Keeping Divorce Case Costs Down Can Prove Costly

There are many ways that parties and/or conscientious counsel can try to keep costs down in divorce cases in family court (among others). Unfortunately, the legal system often doesn’t make it easy.

And may punish you. Regrettably, economizing can turn out to be very expensive.

The above observations apply in countless situations in divorce courts (and others) throughout Florida, New York, New Jersey (these I can speak to from personal experience). Likely, the world.

Here’s yet another example that just caught my attention.

Husband and Wife are working toward an amicable, uncontested divorce.

They own a marital business.

Husband and Wife agree on a fair market value for the business of $60,000. It’s not clear how they arrive at that number.

But that number underlies their property division, marital settlement agreement and final judgment of divorce.

Several months later, Wife seeks to throw out all three.

She now asserts that the business was worth $172,000, rather than $60,000. A difference of $112,000, half of which, presumably, would be allocated to Wife.

How does Wife arrive at that $172,000 value?

Wife hires an appraiser to perform a limited, qualified valuation – after the fact.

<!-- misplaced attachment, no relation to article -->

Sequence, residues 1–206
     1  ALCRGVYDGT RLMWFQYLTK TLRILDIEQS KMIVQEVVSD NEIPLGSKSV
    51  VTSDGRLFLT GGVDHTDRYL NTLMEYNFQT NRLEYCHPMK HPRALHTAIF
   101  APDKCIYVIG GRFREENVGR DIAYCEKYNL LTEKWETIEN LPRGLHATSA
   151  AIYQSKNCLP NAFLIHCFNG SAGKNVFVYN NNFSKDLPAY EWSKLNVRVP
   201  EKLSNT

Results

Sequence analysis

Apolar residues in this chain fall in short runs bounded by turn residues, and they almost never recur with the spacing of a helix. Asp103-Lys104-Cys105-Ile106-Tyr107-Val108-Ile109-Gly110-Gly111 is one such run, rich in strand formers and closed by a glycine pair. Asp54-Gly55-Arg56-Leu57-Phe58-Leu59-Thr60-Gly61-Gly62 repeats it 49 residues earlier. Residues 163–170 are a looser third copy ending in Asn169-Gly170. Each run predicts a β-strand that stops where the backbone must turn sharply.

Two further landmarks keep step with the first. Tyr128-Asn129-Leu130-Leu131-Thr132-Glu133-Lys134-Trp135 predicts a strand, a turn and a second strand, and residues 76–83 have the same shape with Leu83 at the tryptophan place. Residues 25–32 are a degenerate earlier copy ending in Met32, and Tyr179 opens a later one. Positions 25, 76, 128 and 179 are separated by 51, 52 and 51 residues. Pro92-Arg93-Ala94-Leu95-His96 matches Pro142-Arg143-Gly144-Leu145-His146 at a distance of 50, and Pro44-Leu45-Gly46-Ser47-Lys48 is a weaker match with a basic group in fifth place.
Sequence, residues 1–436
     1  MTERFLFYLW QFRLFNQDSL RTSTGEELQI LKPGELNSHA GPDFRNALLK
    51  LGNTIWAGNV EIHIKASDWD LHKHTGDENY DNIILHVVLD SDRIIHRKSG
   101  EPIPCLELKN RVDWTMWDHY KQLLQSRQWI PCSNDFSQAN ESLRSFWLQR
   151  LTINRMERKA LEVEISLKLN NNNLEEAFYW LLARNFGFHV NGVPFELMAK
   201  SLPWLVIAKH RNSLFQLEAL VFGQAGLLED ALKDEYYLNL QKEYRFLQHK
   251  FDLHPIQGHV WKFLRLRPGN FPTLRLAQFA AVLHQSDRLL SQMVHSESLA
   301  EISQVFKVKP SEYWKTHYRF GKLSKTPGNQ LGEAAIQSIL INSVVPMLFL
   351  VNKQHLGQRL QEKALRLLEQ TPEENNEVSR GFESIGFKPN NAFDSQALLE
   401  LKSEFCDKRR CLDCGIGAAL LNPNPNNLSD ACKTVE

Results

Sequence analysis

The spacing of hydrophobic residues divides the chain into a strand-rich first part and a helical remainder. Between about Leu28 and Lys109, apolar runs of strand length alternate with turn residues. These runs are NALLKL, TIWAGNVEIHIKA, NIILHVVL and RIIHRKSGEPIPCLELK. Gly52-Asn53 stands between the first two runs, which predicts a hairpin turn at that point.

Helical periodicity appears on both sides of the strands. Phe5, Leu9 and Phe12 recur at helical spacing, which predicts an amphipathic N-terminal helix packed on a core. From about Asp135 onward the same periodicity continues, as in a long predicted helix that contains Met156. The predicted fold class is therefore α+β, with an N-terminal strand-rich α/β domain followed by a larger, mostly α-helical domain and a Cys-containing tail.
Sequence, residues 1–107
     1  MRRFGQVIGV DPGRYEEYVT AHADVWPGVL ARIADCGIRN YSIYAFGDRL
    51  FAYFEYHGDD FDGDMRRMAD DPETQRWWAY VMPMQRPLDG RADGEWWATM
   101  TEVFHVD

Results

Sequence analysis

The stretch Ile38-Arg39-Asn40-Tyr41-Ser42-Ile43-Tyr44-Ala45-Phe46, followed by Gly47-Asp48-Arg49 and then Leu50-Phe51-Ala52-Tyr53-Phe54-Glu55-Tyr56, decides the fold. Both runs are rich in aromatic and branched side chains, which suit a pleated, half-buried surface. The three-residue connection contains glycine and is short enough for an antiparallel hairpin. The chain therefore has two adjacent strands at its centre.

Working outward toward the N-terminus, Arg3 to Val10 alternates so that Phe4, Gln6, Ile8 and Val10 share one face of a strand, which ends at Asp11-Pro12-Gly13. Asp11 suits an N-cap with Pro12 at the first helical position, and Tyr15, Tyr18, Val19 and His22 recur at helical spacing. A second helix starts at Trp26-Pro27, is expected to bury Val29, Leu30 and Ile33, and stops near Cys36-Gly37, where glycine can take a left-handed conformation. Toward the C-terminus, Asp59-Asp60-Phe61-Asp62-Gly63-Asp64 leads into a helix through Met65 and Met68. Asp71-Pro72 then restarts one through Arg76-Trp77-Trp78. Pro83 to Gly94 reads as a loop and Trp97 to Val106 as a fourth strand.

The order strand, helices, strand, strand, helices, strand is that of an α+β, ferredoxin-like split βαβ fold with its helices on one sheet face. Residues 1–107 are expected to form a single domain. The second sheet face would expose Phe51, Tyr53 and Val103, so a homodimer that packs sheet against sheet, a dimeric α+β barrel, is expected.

What’s that?

In a nutshell, a limited, qualified appraisal is performed based on strictly limited documentation and inputs.


Such documentation and inputs are often within the sole control of one spouse, and often may only be obtained through what is called the discovery process in the divorce court case. (Less documentation and inputs requires less expert review and analysis.)

In amicable cases, discovery may be sharply curtailed to contain costs and because there is trust.

In adversarial, contested cases, even where full discovery is desired by the spouse with less knowledge of the finances, it may nonetheless be limited because of the cost in both legal fees and experts’ fees of pursuing it from a spouse who is fully committed to avoiding full disclosure and who likely has the resources to stonewall, dodge, delay, and otherwise drive up the cost and increase delay as much as possible.

In this particular case, it is likely that timely discovery was voluntarily limited. And then, after Wife’s window of opportunity closed (there are rules that bar going back after the fact to do what you could have and should have done at an earlier time), Wife realized she “got took”.

And, likely because of limited information as well as limited financial resources, all Wife could obtain at that point was a limited, qualified valuation. And that just wasn’t good enough to persuade a court to set aside a previously agreed upon valuation, however arrived at.

If Wife’s change of heart was right on, she took a beating in the divorce property division.

She certainly saved legal fees up front by not pursuing discovery timely. And she certainly saved experts’ fees by obtaining only a limited or qualified valuation.

Hopefully, Wife saved enough money in the original case to offset the loss of her half of the difference between the two valuations. (Of course, the qualified valuation may have been low too. That will never be known for certain now.)

Read more in this Business Valuation Resources LLC newsletter article: More problems using preliminary valuations in divorce